Pacific Northwest National Laboratory is teaming with Sematech (Austin, TX) to develop a new material for the next generation of high-performance semiconductor devices, including advanced microprocessors. Through the $1.5 million project, collaborators will investigate mesoporous silica as an improved insulating material between metal conduction lines on semiconductor chips. The material, porous and uniform in structure, can be formed into thin films, potentially resulting in semiconductor devices that operate at much higher speeds, while consuming less power. Researchers at Pacific Northwest estimate that the new material should result in significant savings in fabrication costs, up to $500 million annually. FAX: (509) 375-2242.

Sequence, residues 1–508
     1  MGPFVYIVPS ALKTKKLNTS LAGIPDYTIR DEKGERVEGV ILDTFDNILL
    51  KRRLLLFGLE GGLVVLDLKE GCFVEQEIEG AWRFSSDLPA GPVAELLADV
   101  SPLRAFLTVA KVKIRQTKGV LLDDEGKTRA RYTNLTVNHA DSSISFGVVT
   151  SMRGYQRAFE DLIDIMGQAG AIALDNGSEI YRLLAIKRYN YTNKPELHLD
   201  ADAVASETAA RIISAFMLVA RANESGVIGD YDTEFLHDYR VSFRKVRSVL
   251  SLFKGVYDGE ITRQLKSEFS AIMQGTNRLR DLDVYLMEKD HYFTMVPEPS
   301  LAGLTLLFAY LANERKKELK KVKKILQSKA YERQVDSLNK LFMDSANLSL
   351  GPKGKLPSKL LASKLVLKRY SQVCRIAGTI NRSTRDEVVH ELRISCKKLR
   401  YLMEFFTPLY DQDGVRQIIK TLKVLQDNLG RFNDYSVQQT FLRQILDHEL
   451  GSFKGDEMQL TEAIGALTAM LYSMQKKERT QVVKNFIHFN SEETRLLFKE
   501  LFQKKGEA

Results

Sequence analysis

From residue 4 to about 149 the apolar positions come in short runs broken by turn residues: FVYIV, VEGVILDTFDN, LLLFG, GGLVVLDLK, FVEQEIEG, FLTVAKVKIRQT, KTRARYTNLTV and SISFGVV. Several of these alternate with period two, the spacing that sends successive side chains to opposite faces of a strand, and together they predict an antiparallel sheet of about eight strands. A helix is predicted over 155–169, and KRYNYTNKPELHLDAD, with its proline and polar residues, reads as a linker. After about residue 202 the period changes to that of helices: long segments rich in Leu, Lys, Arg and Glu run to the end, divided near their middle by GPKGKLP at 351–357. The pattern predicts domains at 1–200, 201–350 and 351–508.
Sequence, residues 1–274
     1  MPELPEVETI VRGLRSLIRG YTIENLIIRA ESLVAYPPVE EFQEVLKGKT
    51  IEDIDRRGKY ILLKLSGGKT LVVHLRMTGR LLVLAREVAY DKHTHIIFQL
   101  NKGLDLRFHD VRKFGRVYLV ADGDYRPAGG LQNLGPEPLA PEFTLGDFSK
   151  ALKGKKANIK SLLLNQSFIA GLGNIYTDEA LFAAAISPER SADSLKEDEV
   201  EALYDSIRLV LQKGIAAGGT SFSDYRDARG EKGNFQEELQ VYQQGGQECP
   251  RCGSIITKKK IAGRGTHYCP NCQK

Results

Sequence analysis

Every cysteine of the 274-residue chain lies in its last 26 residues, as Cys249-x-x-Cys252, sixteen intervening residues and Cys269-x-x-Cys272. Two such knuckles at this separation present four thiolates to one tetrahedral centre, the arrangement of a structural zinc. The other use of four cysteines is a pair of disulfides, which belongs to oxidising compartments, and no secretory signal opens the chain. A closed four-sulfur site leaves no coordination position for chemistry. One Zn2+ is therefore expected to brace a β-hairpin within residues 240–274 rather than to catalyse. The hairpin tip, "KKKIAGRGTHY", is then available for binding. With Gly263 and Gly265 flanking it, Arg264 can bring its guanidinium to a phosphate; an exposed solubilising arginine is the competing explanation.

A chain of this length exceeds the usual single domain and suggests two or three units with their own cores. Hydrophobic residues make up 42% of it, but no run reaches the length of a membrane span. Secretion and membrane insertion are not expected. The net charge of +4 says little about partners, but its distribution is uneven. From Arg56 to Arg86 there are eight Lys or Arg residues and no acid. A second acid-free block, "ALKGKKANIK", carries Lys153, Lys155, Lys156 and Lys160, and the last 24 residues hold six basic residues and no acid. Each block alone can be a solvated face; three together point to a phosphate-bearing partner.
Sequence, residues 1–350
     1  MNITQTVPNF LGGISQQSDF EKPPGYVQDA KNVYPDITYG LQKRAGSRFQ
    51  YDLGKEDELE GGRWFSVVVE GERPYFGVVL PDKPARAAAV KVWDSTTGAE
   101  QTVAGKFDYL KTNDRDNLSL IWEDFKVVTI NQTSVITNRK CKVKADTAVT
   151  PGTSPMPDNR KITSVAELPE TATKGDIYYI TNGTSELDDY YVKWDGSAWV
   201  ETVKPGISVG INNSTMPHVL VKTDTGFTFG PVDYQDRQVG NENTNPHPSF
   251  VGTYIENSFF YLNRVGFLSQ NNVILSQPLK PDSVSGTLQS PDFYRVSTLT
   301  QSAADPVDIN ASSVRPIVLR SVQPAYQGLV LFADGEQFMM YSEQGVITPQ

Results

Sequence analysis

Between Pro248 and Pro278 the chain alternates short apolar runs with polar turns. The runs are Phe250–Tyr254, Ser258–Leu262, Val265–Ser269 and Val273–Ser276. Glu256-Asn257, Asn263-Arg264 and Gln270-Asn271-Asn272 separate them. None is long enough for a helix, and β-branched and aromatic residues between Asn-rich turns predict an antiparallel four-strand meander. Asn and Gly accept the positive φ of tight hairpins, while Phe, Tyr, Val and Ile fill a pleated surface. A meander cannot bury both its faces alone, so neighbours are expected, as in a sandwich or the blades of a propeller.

Two researchers from Cornell University have won a $100,000 grant from NASA to continue work to develop an energy-harvesting robotic eel the space agency aims to use to explore oceans on one of the moons of Jupiter.
Is the factory smarter than it used to be? From recent buzzwords, you’d think we’ve entered a new dimension in industrial plants, where robots run all physical functions wirelessly and humans do little more than program ever more capable robotics. Some of that is actually true, but it’s been true for a while.
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